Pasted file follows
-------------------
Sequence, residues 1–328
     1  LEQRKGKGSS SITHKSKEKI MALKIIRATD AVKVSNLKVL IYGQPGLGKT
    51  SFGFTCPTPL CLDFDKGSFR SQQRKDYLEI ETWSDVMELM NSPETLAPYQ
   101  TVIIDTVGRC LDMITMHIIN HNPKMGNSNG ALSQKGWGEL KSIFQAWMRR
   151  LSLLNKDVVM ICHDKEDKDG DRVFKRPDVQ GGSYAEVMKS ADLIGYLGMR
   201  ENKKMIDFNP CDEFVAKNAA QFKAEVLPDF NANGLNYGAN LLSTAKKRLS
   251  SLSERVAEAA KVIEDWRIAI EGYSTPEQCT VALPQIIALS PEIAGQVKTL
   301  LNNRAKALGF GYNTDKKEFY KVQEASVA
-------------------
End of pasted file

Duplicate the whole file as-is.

Sequence, residues 1–328
     1  LEQRKGKGSS SITHKSKEKI MALKIIRATD AVKVSNLKVL IYGQPGLGKT
    51  SFGFTCPTPL CLDFDKGSFR SQQRKDYLEI ETWSDVMELM NSPETLAPYQ
   101  TVIIDTVGRC LDMITMHIIN HNPKMGNSNG ALSQKGWGEL KSIFQAWMRR
   151  LSLLNKDVVM ICHDKEDKDG DRVFKRPDVQ GGSYAEVMKS ADLIGYLGMR
   201  ENKKMIDFNP CDEFVAKNAA QFKAEVLPDF NANGLNYGAN LLSTAKKRLS
   251  SLSERVAEAA KVIEDWRIAI EGYSTPEQCT VALPQIIALS PEIAGQVKTL
   301  LNNRAKALGF GYNTDKKEFY KVQEASVA